Something to think about: Will the Detroit 3 ever become primarily carmakers again?
They have been mainly truckmakers since 1996. They are gradually switching back to the car side and -- boy oh boy -- is it ever tough.
But they're working on it, and the fruits of their labors will be in General Motors and Ford showrooms within the year. At GM, the Buick LaCrosse and Chevrolet Malibu are on sale, and the Chevrolet Cruze will arrive in 2010. Likewise, the Chevy Volt. At first, the Volt will be a $40,000 toy. I wonder how many people will pay that much for a car to drive to the supermarket or take the kids to school.
Ford's Fusion is strong, and the company is high on the new Taurus. Ford is preparing a new Focus, and the Fiesta is also on the way.
Chrysler? Don't ask. Nothing in the pipeline for a couple of years. Will there even be a Chrysler Group in a couple of years?
Cars are where it's at in today's new-vehicle market. Pickup trucks have returned to their traditional role as beasts of burden. The SUV fad has more or less ended, and minivans have never recovered from their rejection by soccer moms.
Sales of crossovers are holding up pretty well although there are too many varieties of them (55 nameplates, no less, with more on the way). They are the station wagons of the 21st century.
Trucks, trucks, trucks
So cars are the avenue for growth today. But before you can grow with cars, you have to have cars. And the Detroit 3 don't yet have them -- or at least not enough of them.
It all goes back to the beginning of the truck boom. That was the 1984 model year, when Chrysler Corp. introduced its minivans. Slowly but surely, trucks crept up the sales ladder.
Trucks had only 26 percent of Big 3 sales in 1982. Their share grew to 39 percent in 1990 and to 58 percent in 2000. And that wasn't the peak. Trucks captured 64 percent of Detroit 3 sales in 2007.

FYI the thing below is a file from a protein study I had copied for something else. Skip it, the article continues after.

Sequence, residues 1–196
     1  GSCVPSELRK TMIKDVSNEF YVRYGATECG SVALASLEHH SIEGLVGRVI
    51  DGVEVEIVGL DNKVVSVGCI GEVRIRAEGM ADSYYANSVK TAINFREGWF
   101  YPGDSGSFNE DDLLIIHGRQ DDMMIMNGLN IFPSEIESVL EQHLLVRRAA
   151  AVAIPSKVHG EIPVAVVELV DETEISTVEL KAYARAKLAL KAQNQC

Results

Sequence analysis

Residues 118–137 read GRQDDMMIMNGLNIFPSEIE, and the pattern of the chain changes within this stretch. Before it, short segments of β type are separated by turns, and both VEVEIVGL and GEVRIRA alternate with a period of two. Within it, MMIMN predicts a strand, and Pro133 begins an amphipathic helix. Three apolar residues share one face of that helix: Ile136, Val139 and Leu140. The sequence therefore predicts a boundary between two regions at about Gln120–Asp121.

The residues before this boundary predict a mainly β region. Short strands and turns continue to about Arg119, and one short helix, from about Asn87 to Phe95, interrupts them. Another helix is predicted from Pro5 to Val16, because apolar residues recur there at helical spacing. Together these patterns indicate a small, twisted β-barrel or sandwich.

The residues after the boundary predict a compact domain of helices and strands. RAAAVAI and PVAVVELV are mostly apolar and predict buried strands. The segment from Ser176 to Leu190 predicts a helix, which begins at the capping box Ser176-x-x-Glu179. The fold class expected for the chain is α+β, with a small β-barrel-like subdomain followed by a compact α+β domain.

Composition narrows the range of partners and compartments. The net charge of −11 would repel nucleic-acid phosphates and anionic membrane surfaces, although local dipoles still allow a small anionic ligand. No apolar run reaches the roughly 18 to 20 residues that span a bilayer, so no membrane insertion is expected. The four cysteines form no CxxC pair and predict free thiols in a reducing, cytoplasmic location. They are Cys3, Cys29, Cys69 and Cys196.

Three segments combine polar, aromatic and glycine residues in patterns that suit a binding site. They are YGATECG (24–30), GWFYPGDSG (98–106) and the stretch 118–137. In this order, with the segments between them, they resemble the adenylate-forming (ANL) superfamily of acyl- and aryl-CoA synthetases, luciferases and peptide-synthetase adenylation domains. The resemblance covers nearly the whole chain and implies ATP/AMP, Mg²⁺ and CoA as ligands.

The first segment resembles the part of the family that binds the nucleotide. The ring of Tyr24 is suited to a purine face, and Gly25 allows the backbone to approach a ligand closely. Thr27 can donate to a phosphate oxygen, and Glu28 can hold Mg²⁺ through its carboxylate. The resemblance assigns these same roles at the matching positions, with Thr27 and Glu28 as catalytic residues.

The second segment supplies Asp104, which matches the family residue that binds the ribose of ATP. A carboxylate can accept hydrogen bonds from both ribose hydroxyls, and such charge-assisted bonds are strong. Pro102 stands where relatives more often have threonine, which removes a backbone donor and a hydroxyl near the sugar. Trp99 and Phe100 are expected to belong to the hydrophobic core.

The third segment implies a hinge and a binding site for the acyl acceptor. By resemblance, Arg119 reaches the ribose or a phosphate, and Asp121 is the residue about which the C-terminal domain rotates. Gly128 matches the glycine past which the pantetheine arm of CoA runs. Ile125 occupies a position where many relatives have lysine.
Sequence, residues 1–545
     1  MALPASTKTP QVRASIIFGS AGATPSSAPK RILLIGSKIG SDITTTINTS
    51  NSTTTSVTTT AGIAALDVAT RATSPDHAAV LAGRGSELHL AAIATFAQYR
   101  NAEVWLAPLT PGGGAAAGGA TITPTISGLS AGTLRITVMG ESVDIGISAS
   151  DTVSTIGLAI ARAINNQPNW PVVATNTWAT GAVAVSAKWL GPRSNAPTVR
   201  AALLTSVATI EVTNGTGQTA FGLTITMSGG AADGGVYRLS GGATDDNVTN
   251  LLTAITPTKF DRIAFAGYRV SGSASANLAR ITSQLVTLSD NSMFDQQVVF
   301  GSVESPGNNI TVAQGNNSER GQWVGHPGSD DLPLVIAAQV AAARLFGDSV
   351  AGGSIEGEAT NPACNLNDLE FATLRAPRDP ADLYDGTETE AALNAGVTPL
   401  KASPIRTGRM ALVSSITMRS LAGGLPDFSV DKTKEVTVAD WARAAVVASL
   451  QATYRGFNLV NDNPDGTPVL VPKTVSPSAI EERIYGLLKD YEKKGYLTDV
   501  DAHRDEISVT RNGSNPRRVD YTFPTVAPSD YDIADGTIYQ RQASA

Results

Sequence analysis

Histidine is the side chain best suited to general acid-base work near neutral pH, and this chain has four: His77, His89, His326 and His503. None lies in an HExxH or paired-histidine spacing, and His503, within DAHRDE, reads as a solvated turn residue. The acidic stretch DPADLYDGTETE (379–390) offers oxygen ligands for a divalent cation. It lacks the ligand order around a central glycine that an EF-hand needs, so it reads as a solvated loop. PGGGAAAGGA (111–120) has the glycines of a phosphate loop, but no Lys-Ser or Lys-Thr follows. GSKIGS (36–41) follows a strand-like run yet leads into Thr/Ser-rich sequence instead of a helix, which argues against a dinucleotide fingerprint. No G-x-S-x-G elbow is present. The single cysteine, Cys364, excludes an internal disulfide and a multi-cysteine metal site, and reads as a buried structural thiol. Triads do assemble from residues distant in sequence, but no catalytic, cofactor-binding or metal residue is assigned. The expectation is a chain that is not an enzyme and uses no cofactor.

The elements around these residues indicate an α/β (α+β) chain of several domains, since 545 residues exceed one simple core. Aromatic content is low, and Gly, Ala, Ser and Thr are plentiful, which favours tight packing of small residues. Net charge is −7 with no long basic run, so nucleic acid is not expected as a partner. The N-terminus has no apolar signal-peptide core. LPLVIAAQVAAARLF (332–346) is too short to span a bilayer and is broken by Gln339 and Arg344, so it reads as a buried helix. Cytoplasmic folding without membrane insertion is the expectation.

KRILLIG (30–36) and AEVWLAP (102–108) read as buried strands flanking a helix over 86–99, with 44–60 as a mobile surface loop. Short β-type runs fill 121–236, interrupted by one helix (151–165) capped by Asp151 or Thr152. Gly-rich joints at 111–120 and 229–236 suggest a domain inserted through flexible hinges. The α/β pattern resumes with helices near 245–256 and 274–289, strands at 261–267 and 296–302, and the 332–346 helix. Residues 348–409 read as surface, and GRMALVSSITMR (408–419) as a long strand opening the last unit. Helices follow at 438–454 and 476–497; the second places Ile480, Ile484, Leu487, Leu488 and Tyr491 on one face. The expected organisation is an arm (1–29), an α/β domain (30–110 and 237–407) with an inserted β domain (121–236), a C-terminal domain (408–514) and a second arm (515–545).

The reason was obvious: There's a lot more profit in trucks than there is in cars. Another reason -- just as important but not so obvious: The Detroiters had darn few cars that the public wanted to buy.
I know. I've been preaching that sermon for so long that you may be tired of hearing it, but it's true. The Detroiters ignored cars for a decade and a half. I warned that that neglect would come back and bite them where it hurts. Look at the sales numbers. I rest my case.
The Japanese way
While you're at it, take a peek at Toyota Motor Sales, American Honda Motor Co. and Nissan North America. The Japanese giants also went big on trucks, but they didn't ignore cars. New Camrys, Accords and Altimas continued to stream from Japanese plants, and customers continued to stream into their U.S. showrooms.
It's open to debate, but I maintain that neither GM nor Chrysler would have declared bankruptcy if they had had the proper cars to sell.
In 1985, the Detroit 3 had 73 percent of the new-car market in the United States. That slipped to 53 percent in 2000 and to 35 percent in 2008. In the first half of this year, the Detroit 3 had 31 percent of the car market.
Looking at it from another angle, Ford Motor sold 78 cars per dealership in the first half of 2009. GM sold 71; and Chrysler, only 46. That's hardly enough to keep the wolf from the door.
Those performances don't compare very well with first-half sales of 279 cars per dealership for Toyota Motor Sales, 227 per dealership for American Honda and 185 per dealership for Nissan North America.
Of all the misfortunes that have befallen the Detroit 3 in the past few years. I am convinced that abandoning the car market was the most costly.
And they have no one to blame but themselves.